A few weeks after this I went out again, with the intention of examining the Falls, and more thoroughly exploring their neighborhood. I was advised not to go, as the weather threatened to be bad; but, even while admitting the fact, I went. I reached the foot of the Falls, and had commenced the ascent, when I discovered a violent thunder-storm approaching. There was a cave situated in the side of the cliff, which was called Lion’s Cave, some eighty rods above my head, which promised shelter if I could reach it in season. I hastened up the steep ascent, much of the way on my hands and knees, until I had nearly reached it, when my progress was barred by a chasm, not visible from below. One side of the chasm was higher than the other; and, taking my hatchet from my belt, I felled and roughly trimmed a stout sapling, which I laid, across the chasm, and which, half-ladder, half-bridge, enabled me to cross and gain the coveted shelter. I had imagined it to be a huge cleft in the rock, but it proved to be only about six feet deep, and not high enough for me to stand up in, although I could sit comfortably, and be perfectly sheltered. The shower burst soon; the rain drove in sheets across the valley below me; it poured down from the Mountain above, forming a thick, unbroken curtain before the mouth of the cave; a miniature Niagara, in fact, which tossed and tumbled down the slope into the brook below, now swollen to a river. I enjoyed the scene vastly; but the omnipresent midgets soon found me out, and attacked me, seriously interfering with my pleasure, and forcing me to make a fire and smoke them out. In the course of an hour, the shower ceased as suddenly as it had begun. Descending from my elevated perch, and deferring my intended explorations to a future time, I went home, and was jeered and laughed at for my folly, until they discovered that my clothes were dry, when they stopped laughing, and desired particulars, which I gave them.
At another time, an old lady insisted on visiting the Falls, and engaged me as guide. In company with several men and two ladies, she hired a team, and set out. When the party reached the spot where persons wishing to visit the Falls must alight, and take the foot-path, all except the old lady had changed their minds, and decided to keep on and visit the Basin. She adhered to her original intention, and, after ordering the team to wait for her on its return, she jumped out, and I followed her, the rest of the party going on. Looking up, previous to entering the woods, I saw that one of the sudden storms peculiar to Mountain regions had stolen upon us unawares, was rearing its crest above the tree-tops, and would soon burst upon us. If those who had gone on should see the storm in season, they would return at full speed; but that would not save any of us from a drenching, and I determined to risk being left for the present, and shelter my companion. Calling her attention to the storm, she readily comprehended that we could not visit the Falls, and signified her willingness to go wherever I chose. I led her away some distance into the woods, to a broad, overhanging rock, which I had noticed in a previous ramble, underneath which I fixed seats for her and myself, and got snugly settled just as the shower came on. The thunder roared; the lightning flashed; the tall forest-trees bowed and writhed under the violence of the wind, and the rain fell in torrents; but we were safe and dry, and could calmly look out and enjoy the really sublime spectacle. The old lady was in high glee at the thought of the miserable plight in which the rest of the party must necessarily be, without protection of any kind. After the rain had passed away, she listened for the team, and when she heard it coming up the road, we proceeded to its side and waited for it to come up. It was a sorry-looking company that we beheld—all wet, draggled, and woe-begone; and we laughed heartily, both at their appearance and at their unfeigned astonishment at our dry and comfortable condition. We got in, and dashed away for the hotel, where our wet companions hurried off in search of dry clothing and fires. The old lady stood up all the way, declining to sit down where everything was soaked, and she chuckled right merrily, to think that insisting on going to the Falls had saved her from a wetting.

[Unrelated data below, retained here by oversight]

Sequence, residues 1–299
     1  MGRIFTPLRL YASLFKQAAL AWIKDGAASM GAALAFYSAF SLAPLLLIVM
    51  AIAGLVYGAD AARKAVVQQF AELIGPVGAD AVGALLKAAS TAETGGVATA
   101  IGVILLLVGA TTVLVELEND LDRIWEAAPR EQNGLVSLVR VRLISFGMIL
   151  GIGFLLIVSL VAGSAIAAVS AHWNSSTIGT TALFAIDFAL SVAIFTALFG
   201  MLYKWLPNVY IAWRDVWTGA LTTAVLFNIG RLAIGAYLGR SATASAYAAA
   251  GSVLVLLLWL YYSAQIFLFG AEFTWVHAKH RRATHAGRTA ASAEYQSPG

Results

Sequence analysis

Fireworks on Profile Lake
It had become a regular custom for those guests who had passed the season at the Profile House, to get up some sort of a party or picnic before separating, as a fitting close for their holiday season. I almost always had a hand in the arrangements, for the hotel-keeper generally recommended me as a handy-man on such occasions. Being somewhat ready-witted, and withal not afraid of a little hard work, I usually managed to give satisfaction.
Once I had been requested to make preparations for a jolly good time at the old Flume House, which was then unoccupied. A party of about fifty ladies and gentlemen proposed to have a supper and ball, and I was somewhat nonplussed to arrange for their comfort, as there was no furniture in the building, and it was six miles distant from the Profile House. However, at it I went, cutting up fence-boards for tables, and made seats by the aid of work-benches. The dining-hall I decorated with evergreen as well as I could, and made it look quite respectable. Many delicacies had been sent all the way from New York, and the other viands were procured from the Profile House.